Sunday, October 19, 2008


ISBN 9780718148584.

Following my posting for Chianti Baked Meatballs by Jo Pratt from her book In The Mood For Food, I dipped further into her book and have cooked a small selection of recipes.

Unfortunately, I am not able to put the recipes on, because it would take forever. I have only been able to find a link to one recipe, which is a shame.

Marshmallow Meringues with Mango and Passion Fruit.

These meringues were possibly the best I have ever made, we loved the crisp outside and the marshmallow centre. For the mango and passion fruit cream, I simply pureed a mango and swirled this into some sweetened Greek Yoghurt along with the passion fruit. This simple dessert was delicious and I loved the scented yoghurt.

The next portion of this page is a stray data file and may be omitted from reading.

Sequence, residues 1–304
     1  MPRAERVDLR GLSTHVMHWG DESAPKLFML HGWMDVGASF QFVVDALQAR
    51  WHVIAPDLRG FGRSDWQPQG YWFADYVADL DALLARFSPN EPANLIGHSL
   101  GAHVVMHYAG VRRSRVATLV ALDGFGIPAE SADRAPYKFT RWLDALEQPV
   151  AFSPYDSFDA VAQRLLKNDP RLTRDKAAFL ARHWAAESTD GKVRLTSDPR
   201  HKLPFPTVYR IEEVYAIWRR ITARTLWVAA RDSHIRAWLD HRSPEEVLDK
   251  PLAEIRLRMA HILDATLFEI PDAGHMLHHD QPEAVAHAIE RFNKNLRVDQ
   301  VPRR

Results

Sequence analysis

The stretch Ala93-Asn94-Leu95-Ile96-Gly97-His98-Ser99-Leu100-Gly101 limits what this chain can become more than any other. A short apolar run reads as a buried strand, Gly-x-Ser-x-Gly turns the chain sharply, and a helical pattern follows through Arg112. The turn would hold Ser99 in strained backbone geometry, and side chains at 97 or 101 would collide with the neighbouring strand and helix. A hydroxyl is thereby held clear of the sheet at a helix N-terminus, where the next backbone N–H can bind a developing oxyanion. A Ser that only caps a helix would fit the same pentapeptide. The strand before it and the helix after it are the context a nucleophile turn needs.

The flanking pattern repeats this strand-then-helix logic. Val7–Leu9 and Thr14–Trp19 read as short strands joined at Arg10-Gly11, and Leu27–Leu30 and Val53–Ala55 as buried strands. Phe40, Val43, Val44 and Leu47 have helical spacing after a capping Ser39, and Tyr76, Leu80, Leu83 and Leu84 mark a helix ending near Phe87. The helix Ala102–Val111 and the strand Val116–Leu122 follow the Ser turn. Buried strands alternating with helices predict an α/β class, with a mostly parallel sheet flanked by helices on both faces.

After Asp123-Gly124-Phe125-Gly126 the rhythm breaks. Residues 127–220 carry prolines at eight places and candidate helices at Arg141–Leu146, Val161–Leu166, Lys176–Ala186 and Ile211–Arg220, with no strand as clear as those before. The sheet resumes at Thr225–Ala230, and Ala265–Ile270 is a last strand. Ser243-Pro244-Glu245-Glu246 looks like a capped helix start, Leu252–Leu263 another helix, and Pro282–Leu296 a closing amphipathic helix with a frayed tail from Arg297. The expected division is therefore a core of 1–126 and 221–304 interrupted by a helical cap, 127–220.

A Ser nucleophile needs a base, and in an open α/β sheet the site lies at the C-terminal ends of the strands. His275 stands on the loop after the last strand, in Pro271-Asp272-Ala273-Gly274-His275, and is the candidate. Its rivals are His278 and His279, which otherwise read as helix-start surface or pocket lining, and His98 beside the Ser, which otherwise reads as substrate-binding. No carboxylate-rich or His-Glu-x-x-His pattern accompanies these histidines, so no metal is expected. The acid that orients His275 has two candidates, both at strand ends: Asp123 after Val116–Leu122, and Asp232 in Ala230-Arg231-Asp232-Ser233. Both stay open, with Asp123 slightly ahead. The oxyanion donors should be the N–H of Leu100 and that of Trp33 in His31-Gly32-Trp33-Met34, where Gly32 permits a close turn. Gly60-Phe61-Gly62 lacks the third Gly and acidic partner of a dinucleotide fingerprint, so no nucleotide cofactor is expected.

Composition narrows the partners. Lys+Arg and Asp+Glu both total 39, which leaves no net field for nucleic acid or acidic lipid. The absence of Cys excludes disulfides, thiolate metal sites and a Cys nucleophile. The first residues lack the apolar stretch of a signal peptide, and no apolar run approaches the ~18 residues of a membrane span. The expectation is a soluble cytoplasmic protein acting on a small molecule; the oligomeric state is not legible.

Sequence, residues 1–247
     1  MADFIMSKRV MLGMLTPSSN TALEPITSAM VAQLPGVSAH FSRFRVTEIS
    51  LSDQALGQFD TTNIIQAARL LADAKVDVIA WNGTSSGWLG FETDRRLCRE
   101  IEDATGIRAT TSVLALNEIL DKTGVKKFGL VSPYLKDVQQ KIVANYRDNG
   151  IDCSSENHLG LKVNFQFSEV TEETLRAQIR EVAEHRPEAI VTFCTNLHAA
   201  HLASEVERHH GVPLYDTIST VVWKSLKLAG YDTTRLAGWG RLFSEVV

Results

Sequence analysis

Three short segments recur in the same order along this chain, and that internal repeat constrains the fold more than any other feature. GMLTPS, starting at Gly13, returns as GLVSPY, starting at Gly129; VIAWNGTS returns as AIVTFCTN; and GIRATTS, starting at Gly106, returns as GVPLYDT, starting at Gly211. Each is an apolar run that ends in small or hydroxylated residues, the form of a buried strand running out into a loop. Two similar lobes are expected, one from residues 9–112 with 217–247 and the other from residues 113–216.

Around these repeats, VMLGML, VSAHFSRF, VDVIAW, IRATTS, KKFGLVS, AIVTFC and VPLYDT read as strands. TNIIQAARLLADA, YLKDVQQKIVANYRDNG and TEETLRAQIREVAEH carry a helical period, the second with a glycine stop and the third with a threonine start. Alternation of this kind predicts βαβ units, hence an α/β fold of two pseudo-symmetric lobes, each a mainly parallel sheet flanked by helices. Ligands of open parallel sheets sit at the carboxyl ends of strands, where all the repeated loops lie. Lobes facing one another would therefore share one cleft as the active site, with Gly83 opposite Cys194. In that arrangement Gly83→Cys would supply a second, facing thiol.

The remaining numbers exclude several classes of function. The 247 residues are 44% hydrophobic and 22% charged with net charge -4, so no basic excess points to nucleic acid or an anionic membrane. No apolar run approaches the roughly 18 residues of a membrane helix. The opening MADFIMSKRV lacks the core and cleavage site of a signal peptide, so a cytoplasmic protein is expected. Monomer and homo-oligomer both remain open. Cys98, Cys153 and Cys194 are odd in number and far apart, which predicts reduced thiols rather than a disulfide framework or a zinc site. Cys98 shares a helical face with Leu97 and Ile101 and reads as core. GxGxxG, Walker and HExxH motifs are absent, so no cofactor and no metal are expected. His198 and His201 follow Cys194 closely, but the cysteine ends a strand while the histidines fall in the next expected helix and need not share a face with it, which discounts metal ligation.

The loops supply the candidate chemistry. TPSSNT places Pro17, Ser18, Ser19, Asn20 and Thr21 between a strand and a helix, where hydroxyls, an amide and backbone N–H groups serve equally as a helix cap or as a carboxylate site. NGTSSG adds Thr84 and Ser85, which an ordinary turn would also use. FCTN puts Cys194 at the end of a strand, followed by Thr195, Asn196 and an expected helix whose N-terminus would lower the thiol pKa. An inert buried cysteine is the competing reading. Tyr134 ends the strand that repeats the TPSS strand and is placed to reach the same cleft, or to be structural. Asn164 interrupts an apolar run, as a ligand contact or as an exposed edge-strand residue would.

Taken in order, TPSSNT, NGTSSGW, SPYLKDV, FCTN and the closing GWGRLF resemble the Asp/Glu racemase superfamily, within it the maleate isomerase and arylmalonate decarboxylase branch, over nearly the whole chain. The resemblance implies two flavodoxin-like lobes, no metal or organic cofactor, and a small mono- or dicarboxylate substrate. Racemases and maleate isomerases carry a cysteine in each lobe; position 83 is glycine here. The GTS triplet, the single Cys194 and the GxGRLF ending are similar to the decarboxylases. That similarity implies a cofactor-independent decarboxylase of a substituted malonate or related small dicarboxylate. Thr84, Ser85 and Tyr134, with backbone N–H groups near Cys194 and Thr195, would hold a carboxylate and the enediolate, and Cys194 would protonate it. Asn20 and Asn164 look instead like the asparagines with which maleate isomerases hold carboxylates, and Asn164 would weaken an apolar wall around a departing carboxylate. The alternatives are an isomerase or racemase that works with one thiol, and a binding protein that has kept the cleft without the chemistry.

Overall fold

Cherry & Almond Cake

It is National Baking Week from the 20th to the 26th October 2008 here in the UK and this is the recipe I have chosen, to celebrate everything that is so wonderful about baking.

Orange Caramel Yoghurt

A definite hit, but the oranges need to be segmented and not cut across into thin slices. If you get any horrible membrane from the orange then this will ruin the dessert.

Ginger & Banana Trifle

Wonderful - anything made with ginger cake is a hit with me! Just an assembly job using Grand Marnier to soak the ginger cake, stem ginger and bananas. I topped the trifle with whipping cream but I think the sharpness of creme fraiche would be better.

Sticky Maple Pears

I didn't have any maple syrup and so used a good honey instead. The recipe says to crumble amaretti biscuits over the pears, but if you do this then the presentation gets very messy.